- Understanding the landlord’s costs. Some landlords seek a contribution to their costs from the tenant. This is not mandatory and, from a tenant’s perspective, should be resisted in the current market. If it is agreed, the tenant’s solicitors will ordinarily be required at the outset of the matter to give an undertaking for these costs (a solicitors’ promise to pay them). In giving this undertaking, your solicitor will likely require that you provide them with these funds on account. The scope of the undertaking given and any agreement with the landlord concerning payment of their costs is a very important consideration – it can impact significantly on their approach to negotiations (the less risk they have for wasted costs, the more prepared they may be to see a transaction fall down – meaning they will often take a more aggressive stance in terms of negotiation).
- In addition to engaging solicitors and accountants, you should also look to take advice from a surveyor. One way or another it is likely you will be responsible for the repair of the building, whether it be by direct obligation to repair, or by way of a service charge contribution. Therefore, it is important that you are comfortable that the building is in good repair. If there is disrepair to the property, this may be something that you wish to pick up with the landlord and require them to fix certain issues prior to the lease. As an alternative, any items picked up by a surveyor could be factored into the rental price or any rent-free period.
- You should consider what work, if any, needs to be done to fit out the property to your requirements. If the property is not ready to use ‘as is’ then it may be possible to negotiation either or both of a rent-free period (sufficient to carry out the fit-out works) or a contribution to the fit-out works. Further, consider if you are permitted under the proposed lease to undertake the alterations that are necessary; it is normal for a licence to be negotiated at the same time as the lease to provide permission from the landlord for any alterations required.
- Do you need any right to buy the property being leased? This is not particularly common, but if you are entering into a long-term lease and investing considerable sums, it may be something to put on the table for discussion.
Do you need to send a negotiating letter?
It is not necessary to send a prescribed form of ‘negotiating letter’. That said, it is generally beneficial to the process in the interests of efficiency to set out clearly, at the earliest opportunity, any points of negotiation.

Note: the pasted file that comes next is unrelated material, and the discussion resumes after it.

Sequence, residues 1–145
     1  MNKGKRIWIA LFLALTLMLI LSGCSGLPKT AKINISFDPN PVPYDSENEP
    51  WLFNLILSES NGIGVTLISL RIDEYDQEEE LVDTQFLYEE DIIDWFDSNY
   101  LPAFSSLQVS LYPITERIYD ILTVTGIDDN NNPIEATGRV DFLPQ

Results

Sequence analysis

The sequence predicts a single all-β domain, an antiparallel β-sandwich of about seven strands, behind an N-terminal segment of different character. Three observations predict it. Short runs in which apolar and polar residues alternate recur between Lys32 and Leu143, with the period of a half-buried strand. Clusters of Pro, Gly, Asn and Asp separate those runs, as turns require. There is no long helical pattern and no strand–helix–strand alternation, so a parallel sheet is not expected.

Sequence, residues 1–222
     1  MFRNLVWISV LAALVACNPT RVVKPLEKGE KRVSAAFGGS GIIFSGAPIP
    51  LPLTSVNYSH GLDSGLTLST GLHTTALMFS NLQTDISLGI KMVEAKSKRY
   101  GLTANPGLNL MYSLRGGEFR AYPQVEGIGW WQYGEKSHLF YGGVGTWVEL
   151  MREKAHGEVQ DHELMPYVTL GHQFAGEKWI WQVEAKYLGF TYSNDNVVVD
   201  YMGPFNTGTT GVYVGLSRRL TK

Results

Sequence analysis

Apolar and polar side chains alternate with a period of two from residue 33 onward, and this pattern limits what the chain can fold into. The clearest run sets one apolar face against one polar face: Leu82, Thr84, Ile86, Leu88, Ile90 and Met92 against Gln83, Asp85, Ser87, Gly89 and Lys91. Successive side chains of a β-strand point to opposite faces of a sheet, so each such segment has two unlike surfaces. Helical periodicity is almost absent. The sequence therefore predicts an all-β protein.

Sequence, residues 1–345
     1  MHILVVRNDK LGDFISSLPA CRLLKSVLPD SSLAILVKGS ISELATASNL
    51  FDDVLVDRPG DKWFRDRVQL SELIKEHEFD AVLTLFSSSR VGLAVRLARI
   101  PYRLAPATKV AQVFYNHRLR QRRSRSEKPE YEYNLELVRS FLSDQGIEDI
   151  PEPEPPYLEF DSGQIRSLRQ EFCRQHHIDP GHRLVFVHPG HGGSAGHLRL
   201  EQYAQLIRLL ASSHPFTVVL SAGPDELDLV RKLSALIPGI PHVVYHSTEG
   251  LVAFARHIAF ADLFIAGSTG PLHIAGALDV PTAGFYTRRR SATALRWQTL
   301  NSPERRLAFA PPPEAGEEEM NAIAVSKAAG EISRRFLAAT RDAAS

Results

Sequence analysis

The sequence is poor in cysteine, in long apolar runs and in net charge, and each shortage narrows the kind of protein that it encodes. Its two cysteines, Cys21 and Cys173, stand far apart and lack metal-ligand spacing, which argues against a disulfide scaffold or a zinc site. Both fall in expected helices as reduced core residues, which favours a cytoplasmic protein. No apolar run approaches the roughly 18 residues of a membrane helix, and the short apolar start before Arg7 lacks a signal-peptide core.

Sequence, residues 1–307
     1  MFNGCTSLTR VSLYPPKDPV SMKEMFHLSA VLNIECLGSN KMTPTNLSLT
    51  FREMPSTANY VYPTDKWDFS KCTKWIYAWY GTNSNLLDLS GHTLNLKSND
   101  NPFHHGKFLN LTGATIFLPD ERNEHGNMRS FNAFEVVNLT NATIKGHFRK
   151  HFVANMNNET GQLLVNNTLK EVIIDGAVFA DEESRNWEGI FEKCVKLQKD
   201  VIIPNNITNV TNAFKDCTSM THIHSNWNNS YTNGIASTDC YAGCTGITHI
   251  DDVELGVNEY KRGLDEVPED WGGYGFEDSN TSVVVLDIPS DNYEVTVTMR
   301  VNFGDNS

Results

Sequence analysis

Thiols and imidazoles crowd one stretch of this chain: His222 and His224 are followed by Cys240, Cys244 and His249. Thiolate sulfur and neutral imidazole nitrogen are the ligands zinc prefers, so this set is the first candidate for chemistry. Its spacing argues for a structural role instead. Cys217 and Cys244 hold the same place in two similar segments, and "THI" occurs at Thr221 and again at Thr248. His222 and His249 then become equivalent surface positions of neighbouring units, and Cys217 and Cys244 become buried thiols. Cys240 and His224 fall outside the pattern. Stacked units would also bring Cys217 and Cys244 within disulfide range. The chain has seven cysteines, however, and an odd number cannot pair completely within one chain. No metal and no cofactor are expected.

Sometimes an agent or solicitor will draw up ‘heads of terms’ early in the process, which seek to set out the key terms that are agreed between the parties. A tenant should not confirm any heads of terms are agreed until they have been fully reviewed, understood and agreed.
The heads of terms can provide an initial basis for either party to rely upon in the direction of the negotiations. Committing to heads of terms that are not fully understood or are unfavourable, therefore, may tie the tenant’s hands when trying to negotiate something different later down the line. Therefore, it is sensible to seek the assistance of a solicitor at this point.
In the absence of head of terms, or in addition if appropriate, your solicitor can identify the critical areas for negotiation and set these out in a letter to the landlord’s solicitor. It is often most efficient to understand each party’s position on key areas and reach agreement in principle. This hopefully avoids the need for multiple drafts of the lease going back and forth between solicitors and, therefore, speeds up the process. If the parties are in agreement on the key terms, the drafting of the lease, at least in theory, should be concluded in a much quicker manner.
How long does negotiation take?
The length of negotiations can vary dramatically depending upon:
- The size and complexity of the property;
- Whether the property is part of a wide development or connected transactions;
- The involvement of lenders; and
- The reasonableness of the parties (and their lawyers!)
Typically, a smaller straight forward negotiation would take 6 to 8 weeks – a very complex arrangement may take many months.
Tips for negotiating a commercial lease
Key tips for negotiating a commercial lease:
Before you start:
- Know the market – this can help ensure you know what footing you are on and whether you are being reasonable in pursuing certain issues. Additionally, it informs you what alternatives might be out there is there are genuinely any deal breaker issues.
- Know your landlord – understanding whether this is a ‘big deal’ for your landlord will also inform you on how aggressive you might be in pushing issues. In addition, understanding your landlord’s objective can be useful in negotiation. For example, are they looking to maximise rent or, alternatively, do they want a stable reliable tenant, perhaps at the expense of a lower rent? If you understand their objectives and their concerns, you may be able to offer up certain items in exchange for obtaining your objective.
- Engage the right professional advisors.
- Work out your priorities – if you know what’s important you can focus on these and be better placed to decide whether a particular item is worth negotiating or whether you can let it go.
During the negotiations:
- Leave some room to manoeuvre. It is normal in negotiations for there to be a starting position and some compromise to that. If you start with your minimum requirements, there is nowhere to compromise. Ensure you ask for a little more than you want and have some items you can forego entirely.
- Be reasonable where you can and focus on what’s important.